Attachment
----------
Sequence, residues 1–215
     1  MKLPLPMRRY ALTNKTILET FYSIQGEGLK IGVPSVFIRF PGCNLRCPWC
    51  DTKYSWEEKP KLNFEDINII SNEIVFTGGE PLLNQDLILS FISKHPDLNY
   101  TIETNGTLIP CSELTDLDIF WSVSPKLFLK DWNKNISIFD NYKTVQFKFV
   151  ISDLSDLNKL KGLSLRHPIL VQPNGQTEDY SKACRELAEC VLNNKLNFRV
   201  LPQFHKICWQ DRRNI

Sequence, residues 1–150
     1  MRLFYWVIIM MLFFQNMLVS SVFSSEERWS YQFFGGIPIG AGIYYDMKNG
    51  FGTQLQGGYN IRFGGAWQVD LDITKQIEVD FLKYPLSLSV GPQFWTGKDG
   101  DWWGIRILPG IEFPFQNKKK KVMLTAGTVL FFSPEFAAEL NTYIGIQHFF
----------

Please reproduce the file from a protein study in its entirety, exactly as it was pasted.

Sequence, residues 1–215
     1  MKLPLPMRRY ALTNKTILET FYSIQGEGLK IGVPSVFIRF PGCNLRCPWC
    51  DTKYSWEEKP KLNFEDINII SNEIVFTGGE PLLNQDLILS FISKHPDLNY
   101  TIETNGTLIP CSELTDLDIF WSVSPKLFLK DWNKNISIFD NYKTVQFKFV
   151  ISDLSDLNKL KGLSLRHPIL VQPNGQTEDY SKACRELAEC VLNNKLNFRV
   201  LPQFHKICWQ DRRNI

Sequence, residues 1–150
     1  MRLFYWVIIM MLFFQNMLVS SVFSSEERWS YQFFGGIPIG AGIYYDMKNG
    51  FGTQLQGGYN IRFGGAWQVD LDITKQIEVD FLKYPLSLSV GPQFWTGKDG
   101  DWWGIRILPG IEFPFQNKKK KVMLTAGTVL FFSPEFAAEL NTYIGIQHFF